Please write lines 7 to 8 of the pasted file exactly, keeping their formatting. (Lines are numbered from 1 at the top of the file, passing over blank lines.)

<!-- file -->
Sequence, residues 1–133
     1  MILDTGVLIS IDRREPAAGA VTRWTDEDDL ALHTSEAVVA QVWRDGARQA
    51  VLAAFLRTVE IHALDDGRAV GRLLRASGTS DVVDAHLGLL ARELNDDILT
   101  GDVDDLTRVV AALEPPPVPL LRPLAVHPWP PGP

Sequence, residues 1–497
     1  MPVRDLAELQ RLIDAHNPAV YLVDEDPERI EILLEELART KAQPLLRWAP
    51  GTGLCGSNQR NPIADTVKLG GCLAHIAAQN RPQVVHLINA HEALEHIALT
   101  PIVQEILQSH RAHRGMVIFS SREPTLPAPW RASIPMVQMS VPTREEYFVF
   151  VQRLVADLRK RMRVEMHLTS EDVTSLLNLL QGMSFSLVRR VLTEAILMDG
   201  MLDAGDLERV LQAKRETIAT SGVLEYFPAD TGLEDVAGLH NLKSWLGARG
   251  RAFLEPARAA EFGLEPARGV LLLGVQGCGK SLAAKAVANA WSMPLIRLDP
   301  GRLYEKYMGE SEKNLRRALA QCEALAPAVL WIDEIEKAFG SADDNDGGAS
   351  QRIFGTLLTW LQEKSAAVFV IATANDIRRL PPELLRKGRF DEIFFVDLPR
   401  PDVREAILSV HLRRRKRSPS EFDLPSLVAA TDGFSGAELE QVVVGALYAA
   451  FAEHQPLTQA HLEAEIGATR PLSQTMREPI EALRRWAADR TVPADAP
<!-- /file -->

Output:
    51  GTGLCGSNQR NPIADTVKLG GCLAHIAAQN RPQVVHLINA HEALEHIALT
   101  PIVQEILQSH RAHRGMVIFS SREPTLPAPW RASIPMVQMS VPTREEYFVF